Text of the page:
*491 Counsel for the taxpayer contend that in copying the language of the Federal law into the Georgia statute, it must be assumed that the language was intended to have the same meaning that it had been held to have under the Federal statute. A decision by a Federal court in point on its facts with the present case might be strongly persuasive, but not controlling, on the Georgia courts. Counsel have cited no case in point on its facts, and our extensive examination of Federal decisions has not revealed such a case. Counsel for the taxpayer cite and rely strongly upon Blodgett v. Commissioner of Internal Revenue, 13 U. S. Board of Tax Appeals, p. 1388; Stark v. Commissioner of Internal Revenue, 45 U. S. Board of Tax Appeals, p. 882; Carroll v. Commissioner of Internal Revenue, 70 Fed. 2d 806; and United States v. Robinson, 129 Fed. 2d 297.
As shown by the statement of facts in the Stark case, supra, the contract was one for the sale of standing timber, and the Board of Tax Appeals ruled against the contention of the Commissioner of Internal Revenue that the sale was from "property held by the taxpayer primarily for sale to customers in the ordinary course of his trade or business." In both the Stark and Blodgett cases the contract was limited to the sale of standing timber, and there was no lease of the property for the growing of trees over a long period of years.
In Carroll v. Commissioner of Internal Revenue, supra, the contract was one for the sale of standing timber, and it was held that, under the facts of that case, the standing timber was a capital asset. In United States v. Robinson, supra, the District Judge held that the timber was a capital asset and was not property held in the ordinary course of the taxpayer's trade or business. The Circuit Court, in affirming the District Judge, pointed out that the Government's claim was one extreme in its nature, in that the property in question was inherited by the taxpayer, was sold by her for the purpose of liquidation, and that she had never been engaged in any kind of business.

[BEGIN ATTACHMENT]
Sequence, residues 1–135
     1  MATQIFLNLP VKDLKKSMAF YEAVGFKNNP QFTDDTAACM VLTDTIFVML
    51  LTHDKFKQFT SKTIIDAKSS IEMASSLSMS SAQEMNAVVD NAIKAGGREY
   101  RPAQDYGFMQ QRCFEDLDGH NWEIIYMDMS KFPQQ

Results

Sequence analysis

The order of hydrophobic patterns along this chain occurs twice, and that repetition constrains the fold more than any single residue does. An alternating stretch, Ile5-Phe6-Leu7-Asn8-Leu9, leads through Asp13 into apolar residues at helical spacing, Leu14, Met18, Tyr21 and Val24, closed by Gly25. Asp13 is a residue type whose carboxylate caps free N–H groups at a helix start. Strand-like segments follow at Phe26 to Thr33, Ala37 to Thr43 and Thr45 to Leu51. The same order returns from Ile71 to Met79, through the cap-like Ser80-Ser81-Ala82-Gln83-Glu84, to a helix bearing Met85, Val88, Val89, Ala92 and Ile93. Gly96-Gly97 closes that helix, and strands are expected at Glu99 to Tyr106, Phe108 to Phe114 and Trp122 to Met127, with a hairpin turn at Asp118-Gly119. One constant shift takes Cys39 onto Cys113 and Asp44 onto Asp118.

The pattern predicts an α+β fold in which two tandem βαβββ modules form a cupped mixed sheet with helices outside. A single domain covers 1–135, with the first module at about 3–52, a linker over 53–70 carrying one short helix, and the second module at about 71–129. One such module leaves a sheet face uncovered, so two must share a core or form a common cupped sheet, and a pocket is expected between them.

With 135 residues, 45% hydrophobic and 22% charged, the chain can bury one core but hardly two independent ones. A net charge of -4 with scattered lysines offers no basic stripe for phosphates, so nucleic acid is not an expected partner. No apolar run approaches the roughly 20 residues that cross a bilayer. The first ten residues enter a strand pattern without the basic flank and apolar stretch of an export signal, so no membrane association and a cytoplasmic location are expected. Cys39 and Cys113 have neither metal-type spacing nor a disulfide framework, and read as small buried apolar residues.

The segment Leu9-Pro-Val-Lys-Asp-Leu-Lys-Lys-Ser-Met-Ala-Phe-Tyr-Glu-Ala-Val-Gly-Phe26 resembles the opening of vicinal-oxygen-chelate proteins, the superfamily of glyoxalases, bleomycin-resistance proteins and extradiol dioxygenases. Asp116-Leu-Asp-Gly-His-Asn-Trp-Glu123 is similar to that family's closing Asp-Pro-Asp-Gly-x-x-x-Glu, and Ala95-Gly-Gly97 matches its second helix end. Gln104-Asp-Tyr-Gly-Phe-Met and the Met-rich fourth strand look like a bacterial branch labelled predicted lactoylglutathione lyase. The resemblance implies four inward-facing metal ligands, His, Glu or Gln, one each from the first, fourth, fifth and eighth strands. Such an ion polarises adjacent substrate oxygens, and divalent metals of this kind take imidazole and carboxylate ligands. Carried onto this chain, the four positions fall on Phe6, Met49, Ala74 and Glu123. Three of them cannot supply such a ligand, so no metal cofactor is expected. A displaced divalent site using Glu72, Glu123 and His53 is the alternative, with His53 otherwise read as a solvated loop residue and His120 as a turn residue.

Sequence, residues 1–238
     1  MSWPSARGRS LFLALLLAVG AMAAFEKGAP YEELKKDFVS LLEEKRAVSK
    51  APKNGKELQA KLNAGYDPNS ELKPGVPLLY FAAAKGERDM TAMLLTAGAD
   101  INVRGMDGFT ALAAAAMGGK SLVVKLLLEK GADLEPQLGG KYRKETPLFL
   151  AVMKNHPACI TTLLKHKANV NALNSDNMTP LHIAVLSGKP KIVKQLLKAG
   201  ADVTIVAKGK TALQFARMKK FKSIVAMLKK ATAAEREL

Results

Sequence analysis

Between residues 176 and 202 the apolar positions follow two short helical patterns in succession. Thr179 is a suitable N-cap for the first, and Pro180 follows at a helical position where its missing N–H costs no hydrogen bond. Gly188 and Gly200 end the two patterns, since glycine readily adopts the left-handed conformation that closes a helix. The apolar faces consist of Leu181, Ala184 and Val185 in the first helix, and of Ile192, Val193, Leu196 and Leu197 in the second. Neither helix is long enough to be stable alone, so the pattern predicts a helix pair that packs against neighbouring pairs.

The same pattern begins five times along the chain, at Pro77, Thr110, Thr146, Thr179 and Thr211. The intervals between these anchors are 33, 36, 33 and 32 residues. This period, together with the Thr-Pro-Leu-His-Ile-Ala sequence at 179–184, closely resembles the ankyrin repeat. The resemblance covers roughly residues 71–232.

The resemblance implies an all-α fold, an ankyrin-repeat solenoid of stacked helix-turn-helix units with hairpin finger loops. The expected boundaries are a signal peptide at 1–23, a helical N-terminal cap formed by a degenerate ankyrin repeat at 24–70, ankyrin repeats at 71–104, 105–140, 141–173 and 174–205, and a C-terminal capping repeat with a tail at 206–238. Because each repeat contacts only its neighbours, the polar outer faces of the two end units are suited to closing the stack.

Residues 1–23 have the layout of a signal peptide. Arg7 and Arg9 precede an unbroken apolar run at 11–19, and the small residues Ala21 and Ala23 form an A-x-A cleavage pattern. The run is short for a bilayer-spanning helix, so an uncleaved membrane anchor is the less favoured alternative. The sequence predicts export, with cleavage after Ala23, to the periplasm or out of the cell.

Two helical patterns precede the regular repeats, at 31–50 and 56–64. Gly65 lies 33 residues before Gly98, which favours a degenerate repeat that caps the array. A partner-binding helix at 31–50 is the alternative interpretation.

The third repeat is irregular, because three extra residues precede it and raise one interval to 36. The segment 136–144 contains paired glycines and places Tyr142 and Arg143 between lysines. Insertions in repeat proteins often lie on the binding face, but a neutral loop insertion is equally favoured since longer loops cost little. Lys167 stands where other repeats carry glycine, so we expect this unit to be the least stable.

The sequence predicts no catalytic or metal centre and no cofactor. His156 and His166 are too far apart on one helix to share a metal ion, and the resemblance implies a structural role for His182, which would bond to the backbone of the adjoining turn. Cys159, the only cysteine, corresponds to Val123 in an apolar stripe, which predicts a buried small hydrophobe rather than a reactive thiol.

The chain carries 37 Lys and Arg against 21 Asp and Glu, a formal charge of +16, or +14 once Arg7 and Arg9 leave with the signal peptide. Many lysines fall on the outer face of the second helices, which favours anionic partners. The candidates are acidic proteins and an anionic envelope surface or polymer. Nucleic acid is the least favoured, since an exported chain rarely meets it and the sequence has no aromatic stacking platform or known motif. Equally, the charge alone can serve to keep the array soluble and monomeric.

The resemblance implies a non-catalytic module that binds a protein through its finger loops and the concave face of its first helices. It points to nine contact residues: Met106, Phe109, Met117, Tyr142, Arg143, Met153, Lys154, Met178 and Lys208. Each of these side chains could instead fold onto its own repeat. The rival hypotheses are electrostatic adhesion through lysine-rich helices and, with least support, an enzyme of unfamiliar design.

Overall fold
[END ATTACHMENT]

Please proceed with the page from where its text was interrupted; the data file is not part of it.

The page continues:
Based upon our consideration of cases, the decision by a Federal court nearest in point with the essential facts of the present case is that of Commissioner of Internal Revenue v. Boeing, 106 Fed. 2d 305. In the Boeing case independent contractors or agents *492 were engaged to cut and remove logs sold by the taxpayer. This was said to be insufficient for a holding that the respondent was not engaged in a trade or business. The court quoted with approval from Welch v. Solomon, 99 Fed. 2d 41, 43, as follows: "The personal attention which a taxpayer gives to a business is certainly not decisive as to whether a resulting profit is ordinary income or capital gain. One may conduct a business through others, his agents, representatives, or employees. The business is nonetheless his because he chooses to let others bear all of the burdens of management." In the Boeing case it was held that Boeing was engaged in the business of "selling logs," and that the income derived therefrom was income from a trade or business.
It is provided by the lease in the present case that no title shall pass until the wood is cut, that it is to be sold by the cord, and that a cord shall contain 128 cubic feet of rough, stacked wood. Counsel for the taxpayer in their brief quote headnote 3 from the decision of this court in Clarke Bros. v. McNatt, 132 Ga. 610 (64 S. E. 795), as follows: "A contract of sale in regard to timber which is attached to the soil, but which is presently to be severed therefrom and converted into personalty before the title is to pass to the purchaser, is an executory sale of personalty, and not of an interest in land." It is contended by counsel "that the contract is merely an executory contract to sell an executory contract to sell personalty, to wit, timber severed from the land." Counsel cite the provision of the lease that "title to timber shall pass from seller to purchaser when and only when such timber is severed from the land," and it is contended that, if this provision of the contract is to be given effect, it must be held to be a provision for an executory sale of timber upon its severance.